It’s largely unsung, but Aquaman was one of the few superheroes to survive the late 1940s genre collapse. Created by Mort Weisinger and Paul Norris in the wake of Timely Comics’ Sub-Mariner, he first appeared in 1941, and was still around for the rebirth of superheroes in the late 1950s, when DC updated its hoary survivors.

The opening half of this volume is written by Robert Bernstein and drawn by Ramona Fradon, in place as artist for five years by the 1959 ‘How Aquaman Got His Powers!’, indelibly stamping the subsea hero with her unique blend of charm and sleek competence. Aquaman’s new origin was as the offspring of a lighthouse keeper and an undersea refugee from Atlantis, and eventually all trappings of the modern superhero followed: themed hideout, sidekick and even super-villains! Moreover, greater attention was paid to continuity and the concept of a shared universe.

49 adventures encompass that early period of renewal, taking the Sea King from wandering back-up bit-player to his own series. The initial stories are undemanding, ranging from simply charming to simply bewildering examples of all-ages action to rank alongside the best the company offered at the time. ‘Aquaman Duels the Animal Master’, ‘The Undersea Hospital’, ‘The Great Ocean Election’, ‘Aquaman and his Sea-Police’ and ‘The Secret of the Super Safe’ kept the hero in soggy isolation, but via an early crossover, Aquaman made his full entrance into the DC universe.

‘The Mermaid of Metropolis’ sees Superman’s Girlfriend Lois Lane suffer crippling injuries in a scuba-diving accident. On hand to save her is Aquaman and a surgeon who turns her into a mermaid so she can live a life without legs beneath the waves. Yes, yes, but just accept the adage “Simpler Times”. In all seriousness, Bernstein’s silly story is a key moment in developing one-universe continuity. That it’s drawn by Kurt Schaffenberger – one of the most accomplished artists ever to work in American comics – makes it even more adorable, for all its silliness. Later there’s a teaming with Green Arrow drawn by Lee Elias.

In what would now be referred to as “world-building”, these stories introduce Aqualad, but not before Aquagirl in a tale giving more information about lost Atlantis whilst testing the waters (sorry!) for a possible sidekick. In those days the Sea King spent most of his time expositorially dialoguing with an octopus.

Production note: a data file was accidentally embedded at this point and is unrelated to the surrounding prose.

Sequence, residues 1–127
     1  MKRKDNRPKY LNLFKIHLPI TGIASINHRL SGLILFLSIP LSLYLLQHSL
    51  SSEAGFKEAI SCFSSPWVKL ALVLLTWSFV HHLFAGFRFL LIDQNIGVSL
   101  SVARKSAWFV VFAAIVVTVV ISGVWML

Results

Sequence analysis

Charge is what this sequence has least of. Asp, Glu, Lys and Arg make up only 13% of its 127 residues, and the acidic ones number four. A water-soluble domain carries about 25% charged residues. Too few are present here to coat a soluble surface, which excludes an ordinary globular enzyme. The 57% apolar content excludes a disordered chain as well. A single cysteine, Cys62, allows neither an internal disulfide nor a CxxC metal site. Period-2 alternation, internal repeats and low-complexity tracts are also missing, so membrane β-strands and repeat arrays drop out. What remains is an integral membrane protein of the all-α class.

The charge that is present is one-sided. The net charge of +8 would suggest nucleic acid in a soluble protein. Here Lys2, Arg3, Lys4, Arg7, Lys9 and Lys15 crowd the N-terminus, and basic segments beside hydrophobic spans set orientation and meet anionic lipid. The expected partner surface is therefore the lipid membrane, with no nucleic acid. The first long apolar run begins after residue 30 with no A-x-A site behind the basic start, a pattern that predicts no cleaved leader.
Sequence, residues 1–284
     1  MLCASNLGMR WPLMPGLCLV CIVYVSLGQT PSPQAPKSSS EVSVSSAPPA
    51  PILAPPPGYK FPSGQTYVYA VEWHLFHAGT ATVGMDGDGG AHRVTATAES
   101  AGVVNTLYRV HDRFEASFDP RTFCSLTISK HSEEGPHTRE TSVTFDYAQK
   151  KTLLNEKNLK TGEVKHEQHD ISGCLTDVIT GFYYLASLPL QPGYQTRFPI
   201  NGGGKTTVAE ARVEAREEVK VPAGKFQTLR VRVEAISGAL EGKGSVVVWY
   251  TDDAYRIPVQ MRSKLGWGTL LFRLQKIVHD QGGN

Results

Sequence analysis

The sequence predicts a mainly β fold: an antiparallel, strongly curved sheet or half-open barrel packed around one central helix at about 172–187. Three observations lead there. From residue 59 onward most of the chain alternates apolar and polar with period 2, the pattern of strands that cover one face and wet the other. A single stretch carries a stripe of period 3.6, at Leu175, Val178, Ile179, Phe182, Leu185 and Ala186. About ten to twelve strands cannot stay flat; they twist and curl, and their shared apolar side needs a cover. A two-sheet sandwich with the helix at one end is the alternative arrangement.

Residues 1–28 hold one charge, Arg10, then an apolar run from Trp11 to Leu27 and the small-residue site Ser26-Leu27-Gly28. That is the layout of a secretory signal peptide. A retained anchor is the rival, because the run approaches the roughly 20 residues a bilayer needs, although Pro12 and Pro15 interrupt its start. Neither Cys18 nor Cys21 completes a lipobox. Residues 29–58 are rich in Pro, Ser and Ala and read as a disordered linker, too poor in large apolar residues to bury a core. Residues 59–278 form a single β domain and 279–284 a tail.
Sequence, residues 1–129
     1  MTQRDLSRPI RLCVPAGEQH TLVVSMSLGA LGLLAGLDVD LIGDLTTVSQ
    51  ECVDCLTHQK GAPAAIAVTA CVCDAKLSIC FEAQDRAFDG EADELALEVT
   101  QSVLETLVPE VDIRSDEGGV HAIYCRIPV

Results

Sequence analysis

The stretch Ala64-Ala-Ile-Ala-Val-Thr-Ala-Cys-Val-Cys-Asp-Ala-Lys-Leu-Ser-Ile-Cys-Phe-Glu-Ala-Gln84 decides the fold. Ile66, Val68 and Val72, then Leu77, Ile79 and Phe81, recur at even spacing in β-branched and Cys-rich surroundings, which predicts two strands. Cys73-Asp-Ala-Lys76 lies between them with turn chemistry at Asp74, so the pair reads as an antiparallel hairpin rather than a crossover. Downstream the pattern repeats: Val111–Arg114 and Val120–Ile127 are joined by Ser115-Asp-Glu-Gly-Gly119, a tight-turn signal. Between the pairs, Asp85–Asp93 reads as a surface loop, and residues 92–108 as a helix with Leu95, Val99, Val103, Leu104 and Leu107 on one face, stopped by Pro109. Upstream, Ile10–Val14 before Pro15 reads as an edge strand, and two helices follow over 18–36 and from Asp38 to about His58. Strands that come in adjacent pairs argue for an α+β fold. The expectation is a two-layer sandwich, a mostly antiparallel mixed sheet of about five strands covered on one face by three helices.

To try Aquaman for his own series Jack Miller expanded on the origin in what proved Fradon’s last regular outing. Comics veteran Nick Cardy’s more realistic approach visually makes Aquaman his own for the next half-decade, although there are occasional guest slots. Artists are identified by style, but incomplete records mean anonymous writers beyond Bernstein and some Miller tales.

Aquaman celebrated earning his own title after two decades by involving himself with the water sprite Quisp, part of a strange trend for cute imps and elves who attached themselves to far too many heroes of the time. His contributions were numerous and obviously carefully calculated and considered. The volume concludes with ‘Too Many Quisps’: a sentiment difficult to disagree with, but still beautifully illustrated by Cardy.

Fradon’s Aquaman is a neglected run of universally-accessible material, and it’s a sheer pleasure to discover just how readable they still are. When the opportunity arises to compare her astounding work to the best of a stellar talent like as Nick Cardy, this book becomes a true fan’s must-have item and even more so when the stories are still suitable for kids of all ages. There’s more in Vol. 2, while the first two-thirds of this material are supplied in colour in Aquaman Archives.